- Jun 18, 2020
- Reaction score
as I noted I spilled a full glass of water on my entire pile of notes. I had a big mess of drying papers of course the super fine black marrrs I used sonic an readily see are now some kind of artwork don’t laugh too hard my kitty was running all over probably thinking I was sbout to explode. So I’m rebuilding the mess the aluminum is quite strong enough when you consider water pressure is around 45-50 psi in RV WATER TANKS THAT ARE PRETTY THIN WALLED AN INEXPERIENCED GUY ONCE BLEW ONE UP WITH 120 psi air very lucky nobody got hurt. It was a 5?gallon tank . I have no idea what he was doing testing with shop air . I did some basic stress calculation observing that the screws holding the end caps in might subject the end of the main tube to to a testing effect which is where overlapping plates you see in bridge construction comes from. By using the through to tod I was able to load its bolts in tension preventing any real bending ofvthe end cap which is unlikely anyway we often lift race care engine with a 4 bolt plate on the carb studs. These are 1/4 inch to 5/16” engines can weigh 1,000 pounds And I’ve never seen any of these bolts pull out or break the lifting plates are often just loosely held on with hand installed nuts so the things are poorly mounted a 1/4” gr 8 bolt is amazingly strong so I’m pretty confident ther won’t be issues there are no closed copper tubes so collapse as you pointed out won’t happen they are the just to help circulation and provide heating surface area. As far as heater go they are stainless tubes surrounding the elements . I don’t have a way of measuring wall thickness but I have to go with previous experience here the same things were used to heat platic mold in molding while not submerged or pressurized at lest not measurable I don’t see any problems . I know it seems like a low heating capacity and I may be taken to task here we will se . This boiler holds less than 3/4 gallon subtracting volumes of all the submerged parts there just it’s is not a lot of water in it which is why I need to come up with a good fill pump . I have the parts to do it I just have not got that far yet . It’s hard to believe how fast and how far this hobby has advanced for me . I “0” when I made the decision yet 50+ years of model airplanes and who bows how many years in sports I played senior base ball untill I was 72 And of course my life career. I appreciate any challenges and comments . I consider them learning experiences. Every spect of this hobby is new and bears investigating . I’m trying to document things I do if for no reason other than have w page to look at and say yep I considered that and here is what I did . When you say hey you need to calculate this or that , I most certainly will look into it . Because it’s part of learning sbout this hobby. I’m building on your experiences. As I noted I’m open to debate and out right challengesHi Byron, You sound to be very productive with your ideas. Just a couple I want to debate:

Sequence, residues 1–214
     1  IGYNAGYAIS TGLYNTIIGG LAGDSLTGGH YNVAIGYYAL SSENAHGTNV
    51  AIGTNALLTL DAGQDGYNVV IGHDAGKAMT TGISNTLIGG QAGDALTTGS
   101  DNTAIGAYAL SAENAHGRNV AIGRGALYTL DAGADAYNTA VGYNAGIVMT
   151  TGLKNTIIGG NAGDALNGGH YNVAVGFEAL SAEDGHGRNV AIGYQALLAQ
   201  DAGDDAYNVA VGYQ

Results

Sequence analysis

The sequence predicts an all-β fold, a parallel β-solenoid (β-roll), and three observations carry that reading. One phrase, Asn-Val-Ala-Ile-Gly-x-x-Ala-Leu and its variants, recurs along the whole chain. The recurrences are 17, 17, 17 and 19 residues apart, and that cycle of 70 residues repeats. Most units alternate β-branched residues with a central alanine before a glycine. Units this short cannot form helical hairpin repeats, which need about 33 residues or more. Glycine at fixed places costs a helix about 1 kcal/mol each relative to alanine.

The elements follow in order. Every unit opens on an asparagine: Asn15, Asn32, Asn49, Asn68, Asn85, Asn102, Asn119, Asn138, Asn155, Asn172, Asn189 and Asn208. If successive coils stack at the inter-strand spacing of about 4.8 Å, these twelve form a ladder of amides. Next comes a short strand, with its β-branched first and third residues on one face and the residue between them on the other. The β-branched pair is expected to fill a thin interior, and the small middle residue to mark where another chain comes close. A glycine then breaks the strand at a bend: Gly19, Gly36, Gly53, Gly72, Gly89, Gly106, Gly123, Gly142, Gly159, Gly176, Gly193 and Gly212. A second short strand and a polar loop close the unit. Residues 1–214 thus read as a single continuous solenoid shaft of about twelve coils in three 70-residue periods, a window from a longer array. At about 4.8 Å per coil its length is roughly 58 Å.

- If you are planning on just balsa wood for insulation, that will be all you need for conductive losses, if around 1/2" or more. So I can't see any reason for the car exhaust stuff? But your choice. However, you should consider radiation losses (the radiant heat shines straight through the balsa or other until it hits the stainless steel). So if you polish the aluminium tube that will be excellent, or wrap in aluminium foil. Either will reduce radiant losses significantly compared to doing nothing with the surface of the tube.
- My biggest issue is the use of aluminium with steam. I thought this was always a "NO! NO!" because water doesn't corrode aluminium rapidly, yet STEAM does, especially at elevated temperature. And when it does it gives off hydrogen, which has the potential of being very explosive... So although domestic pressure cookers with steam at up to 15psi exist and are safe to use, please check what higher temperature steam will do to your boiler.
- A quick check suggests you need >5.2kW of steam to extract if the engine needs 50psi at1000rpm (and a generator to load the engine). Of course, at 20psi you'll only need 3kW... of steam power. Allowing for losses (maybe a couple of hundred W if well lagged?) you'll need more than those figures from the heaters. Unless I have screwed-up the calculations? (I had to correct some glitches in my spreadsheet). What did you calculate?
- What "penetrations" will you make in the outer shell cylinder? (If any?) I can see a design where all the safety valves, water gauge connections, steam extraction, water-feed, etc. is done via the end plates, so the boiler shell is "without penetrations". but that is unusual. Mostly there is a steam dome (to collect steam high above the spraying surface of water), water feed, connection for safety valve, etc. so that affects the hoop stress calculations and comparison of the design with permissible safety limits. ASME uses a "Standard" value of 3.3 for the SCF if ANY penetrations exist in a boiler shell or tube. With this SCF (assuming at least 1 penetration) for your boiler at 50psi, I get a hoop stress of 1902psi and I think the permissible stress will only be 1141psi for aluminium..? which I reckon is a FOS of less than 5. But the regulations normally require a FOS of 8? But I may be wrong? If there are no penetrations in the shell tube, then the FOS is over 15 - which is good. - What have you calculated? - I am keen to be sure my calcs are sensible, and if you have close results I'll be happy.
I’m just having a good time already . Sorry I got carried away. I have an INT blood yet so I must go for now . The engine is supposed to be delivered today I just checked tracking and it’s out for delivery . I’ll get back later thanks